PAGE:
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Old 11-10-2016, 01:47 AM   #955
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It's a way of disfranchising people. I'm going to talk about this from an Australian perspective for fairly obvious reasons (and may overlook certain common American forms of ID), but you can draw obvious parallels to the US as the principles are broad. We don't require any voter ID here, but people - usually but not always on the right, with non-existent fears of voter fraud - sometimes call for it. But think about it: people in remote Indigenous communities usually do not have IDs; they can't afford it, or they lead traditional lifestyles, etc., and live massive distances from anywhere that can issue the IDs. Poor people cannot afford passports and those in particular hardship cannot afford to drive, or to learn to drive. Elderly, frail people no longer have driver's licences or passports because they are housebound.

Possessing ID such as a driver's licence or a passport implies a certain degree of wealth and a certain position within society - that you have enough money to be mobile and obtain the documents that permit you to enjoy that mobility. Even if other forms of ID are accepted, such as student cards, it requires a certain access to - and cultural value of - education, often beyond the means of some marginalised communities.

And speaking personally, the burden also falls on the disabled. As some of you know, I am legally blind (though in daily life I choose to pass as sighted, since my vision is sufficiently good to enable me to do so). Because of my social position I have a current passport and use it as my ID - though being the sort of document it is, I sure don't carry it on me all the time. But many disabled are poor and/or lack mobility, so they cannot afford and/or aren't able to undertake international travel, and therefore they don't have passports. They obviously can't drive either. If I did not have a passport, I would not have acceptable ID. There are "proof of age" cards, but they vary from state to state and when I was an undergrad I was too poor to afford one in Victoria (and whether they would be accepted as voter ID is an open question!).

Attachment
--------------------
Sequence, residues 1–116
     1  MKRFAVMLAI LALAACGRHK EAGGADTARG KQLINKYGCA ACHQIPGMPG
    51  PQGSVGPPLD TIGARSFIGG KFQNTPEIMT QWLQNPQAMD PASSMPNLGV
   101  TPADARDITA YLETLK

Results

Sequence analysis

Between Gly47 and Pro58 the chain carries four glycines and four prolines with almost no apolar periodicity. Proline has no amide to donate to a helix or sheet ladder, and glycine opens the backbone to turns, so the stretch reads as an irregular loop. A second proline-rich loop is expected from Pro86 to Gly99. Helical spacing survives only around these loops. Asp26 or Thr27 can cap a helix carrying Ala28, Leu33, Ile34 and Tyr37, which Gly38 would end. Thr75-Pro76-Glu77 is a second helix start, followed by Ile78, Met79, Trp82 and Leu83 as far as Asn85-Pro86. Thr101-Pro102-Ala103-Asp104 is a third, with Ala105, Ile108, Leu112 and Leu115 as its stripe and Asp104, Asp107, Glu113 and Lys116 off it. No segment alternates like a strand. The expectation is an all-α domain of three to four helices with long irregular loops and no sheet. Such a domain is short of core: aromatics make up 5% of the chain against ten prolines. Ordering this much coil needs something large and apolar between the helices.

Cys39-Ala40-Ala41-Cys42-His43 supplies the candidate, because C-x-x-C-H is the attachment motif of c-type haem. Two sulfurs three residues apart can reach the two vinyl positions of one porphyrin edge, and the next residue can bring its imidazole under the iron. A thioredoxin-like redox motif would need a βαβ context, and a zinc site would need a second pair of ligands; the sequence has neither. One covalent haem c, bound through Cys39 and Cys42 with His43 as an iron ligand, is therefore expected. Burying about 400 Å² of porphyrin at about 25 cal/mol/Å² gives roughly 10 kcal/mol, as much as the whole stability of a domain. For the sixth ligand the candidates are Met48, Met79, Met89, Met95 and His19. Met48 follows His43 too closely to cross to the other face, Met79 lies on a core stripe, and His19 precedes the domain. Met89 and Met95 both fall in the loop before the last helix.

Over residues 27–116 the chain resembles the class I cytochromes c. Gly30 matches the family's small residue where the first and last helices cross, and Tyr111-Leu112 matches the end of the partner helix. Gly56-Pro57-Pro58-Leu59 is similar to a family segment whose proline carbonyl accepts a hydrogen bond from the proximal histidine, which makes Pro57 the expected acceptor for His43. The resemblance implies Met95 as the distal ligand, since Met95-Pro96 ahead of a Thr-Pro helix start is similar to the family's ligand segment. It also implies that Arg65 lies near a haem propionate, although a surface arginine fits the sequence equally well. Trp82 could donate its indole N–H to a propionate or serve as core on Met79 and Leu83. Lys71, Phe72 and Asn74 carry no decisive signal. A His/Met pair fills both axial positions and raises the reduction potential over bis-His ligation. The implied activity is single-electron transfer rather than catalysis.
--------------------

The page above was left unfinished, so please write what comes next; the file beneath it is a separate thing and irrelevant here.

If that's tl;dr, here's a sample of people who wouldn't be able to vote under strict ID rules:
- a young Indigenous man who lives a traditional lifestyle in a remote community and lacks money to acquire ID, let alone the access to anywhere that could issue one.
- an elderly lady in a retirement village who can no longer drive or travel internationally.
- a homeless person who begs for money and food in the inner city.
- somebody with the same visual problems as me, who does not have the disposable income for international travel.
But in the states there are ID cards for those who can't drive, so that's why I'm confused. Like I can't figure out how anyone could accomplish anything, forget voting for a second, like purchasing alcohol, or even cigarettes for a basic example, without having an ID.
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Old 11-10-2016, 01:59 AM   #956
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Bernie is with him, now.


Sanders: I'm 'prepared to work with' Trump - POLITICO
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Old 11-10-2016, 02:04 AM   #957
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“The electoral college is a disaster for a democracy,” wrote Trump as part of a tweetstorm on election night 2012.

“We can't let this happen. We should march on Washington and stop this travesty. Our nation is totally divided!”